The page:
How am I going to get through the day? Will I make an effort to cook a delicious meal? But lovely food is best enjoyed in the company of others.
Will I sprawl on the couch, gorge on Cadbury’s Roses and watch the Queen’s speech, wondering how many will be at her table for the annual feast? It could be a desultory day for me.
I used to love Christmas — all that running around to pubs where various friends, some back from abroad, were drinking enthusiastically. The Long Valley was the nexus of this heightened sociability. There were always too many people to see, too much good cheer to dispense.
Cork’s Bermuda triangle was made up of the Long Valley, the Hi-Bi and Counihans where you could get lost, going from one to the other, checking out the craic quotient. It was all a bit mad.
And then Christmas Day, en famille, beckoned, including, for us, a midday visit to a family member’s household for drinks and exchanging gifts. It was always great fun.
I think I have enough memories to get me through this year’s big day without feeling deprived.
But will memories suffice? Of course not.
It’s no wonder people want to let loose, forget their troubles and get tanked (or preferably just mildly merry).
We seem to be engaged in brinkmanship. Will people ‘do Christmas’ to excess? Doesn’t everyone deserve a break?
On the other hand, the prospect of contracting Covid is scary. And it is very real.
As chief medical officer, Tony Holohan, said last Friday, there has been “too much social contact” in the past couple of weeks. You may think that Holohan is your archetypal spoilsport. But he says it as it is. In the shadow of the grim reaper.
And he’s not alone. Associate professor at Trinity College, Dublin, Tomás Ryan, thinks we should cancel all Christmas celebrations this year and instead wait until next year.
One way of doing this would be to delay Christmas until the end of January “and have a real Christmas and a real party then,” he said to 98fm. I don’t think that would wash with most people living in Ireland.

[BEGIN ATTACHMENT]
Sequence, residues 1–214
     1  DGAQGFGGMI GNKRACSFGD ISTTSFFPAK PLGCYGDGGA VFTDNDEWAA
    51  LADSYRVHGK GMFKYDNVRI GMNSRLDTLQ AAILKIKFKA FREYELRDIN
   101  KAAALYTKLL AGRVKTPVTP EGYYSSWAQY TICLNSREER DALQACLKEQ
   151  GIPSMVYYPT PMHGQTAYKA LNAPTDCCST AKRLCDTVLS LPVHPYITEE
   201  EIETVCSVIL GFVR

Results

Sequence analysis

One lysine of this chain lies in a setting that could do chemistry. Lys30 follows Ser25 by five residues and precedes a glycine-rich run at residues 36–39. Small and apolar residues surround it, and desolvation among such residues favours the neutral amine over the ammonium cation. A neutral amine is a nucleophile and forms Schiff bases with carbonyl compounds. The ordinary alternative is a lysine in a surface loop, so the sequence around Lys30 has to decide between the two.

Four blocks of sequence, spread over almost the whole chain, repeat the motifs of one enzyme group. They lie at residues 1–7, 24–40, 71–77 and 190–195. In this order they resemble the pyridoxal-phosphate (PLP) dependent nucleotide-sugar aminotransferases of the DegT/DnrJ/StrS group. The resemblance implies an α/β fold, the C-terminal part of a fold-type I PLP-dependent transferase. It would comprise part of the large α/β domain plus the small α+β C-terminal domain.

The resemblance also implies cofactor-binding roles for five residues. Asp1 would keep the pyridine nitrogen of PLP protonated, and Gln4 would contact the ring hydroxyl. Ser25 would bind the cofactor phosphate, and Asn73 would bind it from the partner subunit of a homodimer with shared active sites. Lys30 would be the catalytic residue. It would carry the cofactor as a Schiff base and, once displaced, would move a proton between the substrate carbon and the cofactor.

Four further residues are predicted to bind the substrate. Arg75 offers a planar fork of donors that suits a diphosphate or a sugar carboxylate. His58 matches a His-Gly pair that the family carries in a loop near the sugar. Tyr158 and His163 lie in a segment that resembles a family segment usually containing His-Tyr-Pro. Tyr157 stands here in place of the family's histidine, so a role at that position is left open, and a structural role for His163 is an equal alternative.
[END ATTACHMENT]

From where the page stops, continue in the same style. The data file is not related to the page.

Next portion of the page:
We are all actually a bit childish about Christmas. We love our family’s traditions, be it champagne, scrambled eggs and smoked salmon for breakfast (I know of one family that indulges in this fairly posh treat every year) or a bracing swim in Myrtleville followed by a snifter of whisky before the dinner, or a loopy game of charades (at my usual host’s table after a truly scrumptious meal).
There is a clinging to tried and trusted ways of spending Christmas Day. It is reassuring in a world gone mad.
I feel very sorry for the hospitality industry that is bearing the brunt of lockdowns. It seems inevitable that a period of celebration will end in lockdown. And the awful thing is, it’s a never-ending cycle. Roll on the vaccine.
There seems to be no end to wet pubs (to use that awful term) and restaurants closing down when the Covid cases spike. If the current rate of cases continues, there could be 700 to 1,200 cases a day by the second week in January, according to Philip Nolan, chair of the NPHET epidemiological modelling advisory group. Is that risk really worth gatherings of more than two households or parties where alcohol will result in inhibitions being cast aside?
While my drink of choice (well, necessity,) is alcohol-free Schloer, I know I am in the minority. My possible Christmas home alone would be a sober affair. But I’d make up for it in calories consumed because I’m a sucker for chocolate.
And I just had a thought there. I will treat myself to a carton of Haagen Dazs if I’m on my own on that most sociable day of the year.
A friend in Dublin has also been contemplating spending Christmas Day on her tod. She plans to do lots of yoga if alone. Now, that would be a step too far for me.
The only exercise I’ll take will involve bringing spoons of ice-cream to mouth.
Happy Christmas, whatever way it falls!